Definitely not what I expected there! He came over and explained that I was on his mining claim; he had heard me ride in (Clark is loud) and wanted to know what I was doing. It was obvious to him that I was just riding the trails and the conversation was entirely amiable. He is prospecting for gold; he said that he has been successful so far on this claim. According to him gold is the reason for most, if not all, of the claims in this part of Arizona. I asked him about the process of staking a claim. He said that he really doesn’t know. Apparently virtually all the land in the area is claimed by someone (many someones); he had to buy his claim from another person. “I got it used.”
Some people post their claim in a little stronger manner…
Abandoned mines are all over the place—open holes in the ground from ten feet deep to…many. Some still have structures that survive…sort of.
Most of the abandoned mines that are just holes in the ground are fenced off with warning signs, but not all. Just another danger to be aware of, along with the scorpions, rattle snakes, and roadrunners (beware of falling anvils). No, we haven’t seen any scorpions or rattle snakes. Yet. Be sure that we’ll let you know here if we do!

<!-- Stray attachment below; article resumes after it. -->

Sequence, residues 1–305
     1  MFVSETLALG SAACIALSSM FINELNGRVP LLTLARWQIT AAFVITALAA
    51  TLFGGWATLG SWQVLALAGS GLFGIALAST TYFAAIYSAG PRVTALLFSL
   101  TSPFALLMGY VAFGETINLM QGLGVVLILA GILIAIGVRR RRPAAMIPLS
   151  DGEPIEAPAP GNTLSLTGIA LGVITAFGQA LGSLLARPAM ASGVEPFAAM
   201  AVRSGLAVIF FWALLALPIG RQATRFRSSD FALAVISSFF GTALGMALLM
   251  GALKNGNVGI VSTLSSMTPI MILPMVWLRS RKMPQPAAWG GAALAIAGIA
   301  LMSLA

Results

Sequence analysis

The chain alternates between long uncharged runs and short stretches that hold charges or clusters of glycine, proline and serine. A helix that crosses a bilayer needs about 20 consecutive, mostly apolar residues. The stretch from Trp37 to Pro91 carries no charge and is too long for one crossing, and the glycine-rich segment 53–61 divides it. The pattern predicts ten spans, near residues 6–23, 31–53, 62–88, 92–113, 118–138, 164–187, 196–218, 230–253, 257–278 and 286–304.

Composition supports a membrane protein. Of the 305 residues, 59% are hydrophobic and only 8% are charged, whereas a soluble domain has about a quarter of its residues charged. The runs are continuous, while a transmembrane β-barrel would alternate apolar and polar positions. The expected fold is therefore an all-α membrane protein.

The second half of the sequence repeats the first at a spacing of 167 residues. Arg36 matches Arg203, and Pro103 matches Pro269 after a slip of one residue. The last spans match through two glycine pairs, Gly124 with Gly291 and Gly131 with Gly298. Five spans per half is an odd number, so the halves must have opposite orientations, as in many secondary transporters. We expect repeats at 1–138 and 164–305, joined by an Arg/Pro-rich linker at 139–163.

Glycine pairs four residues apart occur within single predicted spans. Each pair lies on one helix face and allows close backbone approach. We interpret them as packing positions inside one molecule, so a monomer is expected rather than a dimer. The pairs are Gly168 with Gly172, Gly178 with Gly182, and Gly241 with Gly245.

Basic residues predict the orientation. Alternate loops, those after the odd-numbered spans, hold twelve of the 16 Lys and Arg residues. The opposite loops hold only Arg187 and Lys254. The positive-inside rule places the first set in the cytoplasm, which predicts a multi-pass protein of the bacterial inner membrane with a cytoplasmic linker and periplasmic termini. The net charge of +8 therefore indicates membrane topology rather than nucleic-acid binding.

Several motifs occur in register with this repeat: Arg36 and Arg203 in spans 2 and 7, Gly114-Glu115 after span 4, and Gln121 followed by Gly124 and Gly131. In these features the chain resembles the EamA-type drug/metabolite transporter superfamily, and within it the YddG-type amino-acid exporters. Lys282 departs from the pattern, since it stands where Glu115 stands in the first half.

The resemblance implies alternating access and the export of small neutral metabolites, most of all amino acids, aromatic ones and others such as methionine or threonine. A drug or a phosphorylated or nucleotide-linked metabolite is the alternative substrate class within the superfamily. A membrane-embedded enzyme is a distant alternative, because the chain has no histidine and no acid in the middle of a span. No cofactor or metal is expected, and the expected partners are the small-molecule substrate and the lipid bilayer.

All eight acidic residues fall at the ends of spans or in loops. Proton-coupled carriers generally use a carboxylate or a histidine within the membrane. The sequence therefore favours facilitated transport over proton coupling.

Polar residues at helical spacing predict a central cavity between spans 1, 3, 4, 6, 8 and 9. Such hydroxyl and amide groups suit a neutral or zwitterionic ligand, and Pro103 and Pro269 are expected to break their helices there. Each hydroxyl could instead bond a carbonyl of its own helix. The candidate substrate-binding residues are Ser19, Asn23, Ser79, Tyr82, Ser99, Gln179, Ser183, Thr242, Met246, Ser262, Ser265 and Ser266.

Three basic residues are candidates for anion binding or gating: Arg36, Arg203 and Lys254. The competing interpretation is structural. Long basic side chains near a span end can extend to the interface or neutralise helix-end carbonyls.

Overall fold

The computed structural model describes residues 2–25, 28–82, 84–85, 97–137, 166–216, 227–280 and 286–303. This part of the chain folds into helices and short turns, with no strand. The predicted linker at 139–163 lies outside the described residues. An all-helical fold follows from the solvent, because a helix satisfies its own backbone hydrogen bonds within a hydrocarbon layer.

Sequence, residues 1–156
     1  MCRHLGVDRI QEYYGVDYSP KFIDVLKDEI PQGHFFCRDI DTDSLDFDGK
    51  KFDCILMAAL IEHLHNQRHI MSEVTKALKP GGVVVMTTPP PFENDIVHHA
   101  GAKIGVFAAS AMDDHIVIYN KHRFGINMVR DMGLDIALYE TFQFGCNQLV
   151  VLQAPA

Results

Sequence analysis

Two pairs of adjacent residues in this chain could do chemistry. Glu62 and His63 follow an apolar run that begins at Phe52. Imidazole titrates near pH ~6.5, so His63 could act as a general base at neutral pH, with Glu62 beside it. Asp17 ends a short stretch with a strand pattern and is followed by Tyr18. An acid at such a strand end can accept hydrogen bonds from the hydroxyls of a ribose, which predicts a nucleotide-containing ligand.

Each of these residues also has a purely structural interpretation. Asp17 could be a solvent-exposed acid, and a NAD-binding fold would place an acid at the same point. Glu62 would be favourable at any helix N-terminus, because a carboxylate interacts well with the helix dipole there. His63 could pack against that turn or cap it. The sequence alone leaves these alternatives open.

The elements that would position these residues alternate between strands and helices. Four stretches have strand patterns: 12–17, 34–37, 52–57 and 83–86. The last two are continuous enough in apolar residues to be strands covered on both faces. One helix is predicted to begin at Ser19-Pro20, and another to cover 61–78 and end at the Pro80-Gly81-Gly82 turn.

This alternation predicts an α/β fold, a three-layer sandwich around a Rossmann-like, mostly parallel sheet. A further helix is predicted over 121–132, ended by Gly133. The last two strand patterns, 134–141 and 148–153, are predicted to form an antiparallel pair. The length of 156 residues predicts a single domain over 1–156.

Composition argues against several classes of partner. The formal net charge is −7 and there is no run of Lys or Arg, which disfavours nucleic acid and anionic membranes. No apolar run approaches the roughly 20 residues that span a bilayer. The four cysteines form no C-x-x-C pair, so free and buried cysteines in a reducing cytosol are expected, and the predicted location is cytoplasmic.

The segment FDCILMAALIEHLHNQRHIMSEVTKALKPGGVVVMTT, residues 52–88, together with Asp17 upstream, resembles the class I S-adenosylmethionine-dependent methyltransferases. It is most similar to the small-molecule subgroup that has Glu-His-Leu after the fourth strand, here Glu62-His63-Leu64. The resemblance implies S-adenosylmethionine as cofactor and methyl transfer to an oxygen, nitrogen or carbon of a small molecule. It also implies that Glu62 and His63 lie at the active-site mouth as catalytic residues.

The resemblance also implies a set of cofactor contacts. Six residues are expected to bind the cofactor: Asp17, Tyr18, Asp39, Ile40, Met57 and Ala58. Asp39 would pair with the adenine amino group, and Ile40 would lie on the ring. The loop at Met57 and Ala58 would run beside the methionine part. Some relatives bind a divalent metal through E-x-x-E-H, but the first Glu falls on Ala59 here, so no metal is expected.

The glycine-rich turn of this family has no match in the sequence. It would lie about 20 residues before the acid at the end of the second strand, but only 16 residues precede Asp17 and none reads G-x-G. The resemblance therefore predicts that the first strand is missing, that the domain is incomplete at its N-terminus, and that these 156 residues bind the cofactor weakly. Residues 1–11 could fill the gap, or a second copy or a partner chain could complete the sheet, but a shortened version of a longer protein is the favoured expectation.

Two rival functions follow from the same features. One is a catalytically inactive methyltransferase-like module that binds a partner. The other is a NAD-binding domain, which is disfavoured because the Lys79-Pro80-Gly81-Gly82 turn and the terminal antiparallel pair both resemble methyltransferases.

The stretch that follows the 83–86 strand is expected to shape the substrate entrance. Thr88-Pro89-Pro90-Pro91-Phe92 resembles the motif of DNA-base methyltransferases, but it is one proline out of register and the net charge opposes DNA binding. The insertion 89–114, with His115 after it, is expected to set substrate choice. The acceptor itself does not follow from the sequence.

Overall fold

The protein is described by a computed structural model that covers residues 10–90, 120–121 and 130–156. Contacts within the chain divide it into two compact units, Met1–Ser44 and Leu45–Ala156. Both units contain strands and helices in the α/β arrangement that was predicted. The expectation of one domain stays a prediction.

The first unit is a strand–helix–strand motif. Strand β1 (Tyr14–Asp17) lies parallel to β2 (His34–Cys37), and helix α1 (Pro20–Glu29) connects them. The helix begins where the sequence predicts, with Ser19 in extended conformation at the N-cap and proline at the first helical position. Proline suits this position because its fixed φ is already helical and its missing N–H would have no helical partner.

There isn’t much timber out here for building shelters. One thing miners had lots of, is rock. So quite a few stone cabins remain; some in better condition than others. It seems that very little mortar was used; we’ve seen a few with no sign of mortar at all.
Reduce, reuse, recycle. When the old truck dies, it becomes a hardware store, providing parts and equipment for other mining camp needs. Here, some roof rafters.
Driving the trails
We’ve been out on Clark nearly every day; usually both of us go (and Kathe drives), sometimes Al goes out alone. We’re becoming more comfortable with Clark’s mountain-goat-like abilities. So far we have clocked almost 600 miles of fun in the immediate area. The dealer we bought Clark from offers a discounted service that we picked up. They call it a “two year” plan, but it is based on hours of use: X services at Y hour intervals. We’ll probably use it up by early fall at this rate!
Back in the dark days of computing before GUIs, there was a command-line game called “Adventure.” It had two key phrases: “You are in a maze of twisty passages, all alike,” and “You are in a maze of twisty passages, all different.” If you went into a twisty passage going north, you might come out in a different room going south. Or east. (It is still available on github!)
The trails here are like that. There are hundreds of them; only a small subset are marked. They twist and turn and intersect and head who knows where! We use a GPS-enabled tablet running the Avenza mapping program to navigate, so we feel secure about not getting lost, but I wouldn’t want to go too far here without it. (We also run Avenza on our phones as backup.) Here are some of of our tracks.
Some friends have asked how we try to stay safe when riding on the desert.